Records show Brandon Bloom was one of Hilliard’s appointees to SHAC and currently serves on the Safe and Healthy Schools Committee.
Additionally, Hilliard’s wife, Paula, donated $200 to PUFF in March 2022, TEC records show.
PUFF-listed campaign finance director Melanie Hutzler did not respond to calls or text messages seeking comment for this article.
“We’ve seen more and more political interest in school boards across the country, and it’s happened here in Texas as well. North Texas in particular has been a hotbed for this type of activity. ” Patrick Svitekchief political correspondent for the Texas Tribune.
“There’s been this kind of perfect storm going on over the last few years, primarily on the political right, around school board issues,” Svitek added.
An argument breaks out between the trustees during questioning of Mr. Klein.
The board’s public interview with Klein sparked controversy shortly after Trustee Sandy Huey questioned Klein’s relationship with Moms for Liberty. An activist group claims that We advocate for parental rights at all levels of government.
Klein has posted a photo on social media wearing a nametag identifying her as president of the Bexar County Mamas for Liberty chapter, and is listed as one of the administrators of the local chapter’s Facebook page. There is.
The national group is The label was applied this summer. The SPLC says Mamas for Liberty is “using multiple social media platforms to target teachers and school officials, advocate for the abolition of the Department of Education, and promote and spread conspiracy propaganda.” It was later identified as an “extremist group” by the Southern Poverty Law Center. Hateful images and rhetoric against the LGBTQ community. ”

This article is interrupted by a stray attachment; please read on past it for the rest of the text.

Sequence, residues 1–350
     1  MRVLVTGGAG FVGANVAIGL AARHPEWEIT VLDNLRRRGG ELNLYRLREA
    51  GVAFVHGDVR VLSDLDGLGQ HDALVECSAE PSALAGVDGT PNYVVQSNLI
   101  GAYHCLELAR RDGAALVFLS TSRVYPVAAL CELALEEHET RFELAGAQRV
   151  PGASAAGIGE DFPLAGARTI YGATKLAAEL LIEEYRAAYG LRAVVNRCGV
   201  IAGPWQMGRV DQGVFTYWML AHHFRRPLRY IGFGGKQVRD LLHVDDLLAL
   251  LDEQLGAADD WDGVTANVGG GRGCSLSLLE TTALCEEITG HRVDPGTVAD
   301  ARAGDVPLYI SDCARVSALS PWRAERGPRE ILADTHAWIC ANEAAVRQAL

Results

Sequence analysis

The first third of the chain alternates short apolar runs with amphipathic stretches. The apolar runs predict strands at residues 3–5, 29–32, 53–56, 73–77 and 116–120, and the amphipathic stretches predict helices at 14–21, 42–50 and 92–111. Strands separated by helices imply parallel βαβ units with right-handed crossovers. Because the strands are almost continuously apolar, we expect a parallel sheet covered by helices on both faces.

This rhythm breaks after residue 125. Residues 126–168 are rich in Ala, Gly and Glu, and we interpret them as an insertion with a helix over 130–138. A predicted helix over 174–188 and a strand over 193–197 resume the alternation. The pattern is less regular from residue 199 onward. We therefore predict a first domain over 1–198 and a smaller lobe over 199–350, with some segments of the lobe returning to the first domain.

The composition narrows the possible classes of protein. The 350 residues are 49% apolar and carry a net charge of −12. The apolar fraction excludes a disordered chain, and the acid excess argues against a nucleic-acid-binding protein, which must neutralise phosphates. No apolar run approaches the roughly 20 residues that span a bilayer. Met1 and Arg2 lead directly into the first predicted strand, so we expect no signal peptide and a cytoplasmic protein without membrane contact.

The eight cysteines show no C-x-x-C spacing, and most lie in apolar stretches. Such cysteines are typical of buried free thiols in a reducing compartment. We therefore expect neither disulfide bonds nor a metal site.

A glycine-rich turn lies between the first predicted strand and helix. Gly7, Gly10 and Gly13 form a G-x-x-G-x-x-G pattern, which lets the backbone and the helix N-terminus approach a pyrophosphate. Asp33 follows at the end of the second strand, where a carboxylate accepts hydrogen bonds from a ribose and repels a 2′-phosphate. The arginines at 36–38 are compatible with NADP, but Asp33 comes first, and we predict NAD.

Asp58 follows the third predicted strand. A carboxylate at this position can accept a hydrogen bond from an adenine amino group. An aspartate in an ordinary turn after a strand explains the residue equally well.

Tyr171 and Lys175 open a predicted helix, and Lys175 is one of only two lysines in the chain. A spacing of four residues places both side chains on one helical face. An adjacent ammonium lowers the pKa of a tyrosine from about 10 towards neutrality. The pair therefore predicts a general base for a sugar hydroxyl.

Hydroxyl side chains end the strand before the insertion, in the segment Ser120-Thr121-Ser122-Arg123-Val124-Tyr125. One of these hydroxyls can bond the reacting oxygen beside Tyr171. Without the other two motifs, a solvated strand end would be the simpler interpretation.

Indiana Chapter of Moms for Liberty I apologized this summer. After quoting Nazi leader Adolf Hitler in his inaugural newsletter.
During the interview, Huey asked Klein about her political affiliation with Mamas for Liberty, which she said was defined as a “hate group.”
After the meeting, a clip of the exchange gained a lot of attention on social media, leading to a heated argument between Huey and Villarreal at the next board meeting a few days later.
Villarreal briefly doubted Huey’s suitability to vote in the upcoming trustee appointment process. Huey then questioned whether the board had gathered to support someone for the vacant seat or to engage in personal attacks against his fellow trustees.
When KSAT called Villarreal’s public phone number last month, a woman who answered the phone hung up when a KSAT reporter identified herself.
Klein’s past social media posts and comments have included calls for NEISD Board President Shannon Grona to be removed and to be “shown the door” to the entire board, with whom she will now be working. This seems to have angered several board members who want to do so.
At one point during the board interview, Klein denied that he had “cleaned up” his social media before applying for the vacant trustee position.
“I feel like I hear everyone else talking about politics, but I’m focused on student success,” Klein said.
KSAT’s investigation last month revealed that Klein is being sued by NEISD for failing to pay property taxes in 2019 and 2020.
Klein told KSAT in a text message that her taxes are “100% paid.”
Bexar County court records show she was successfully admitted to the case on Oct. 31, and the case is pending.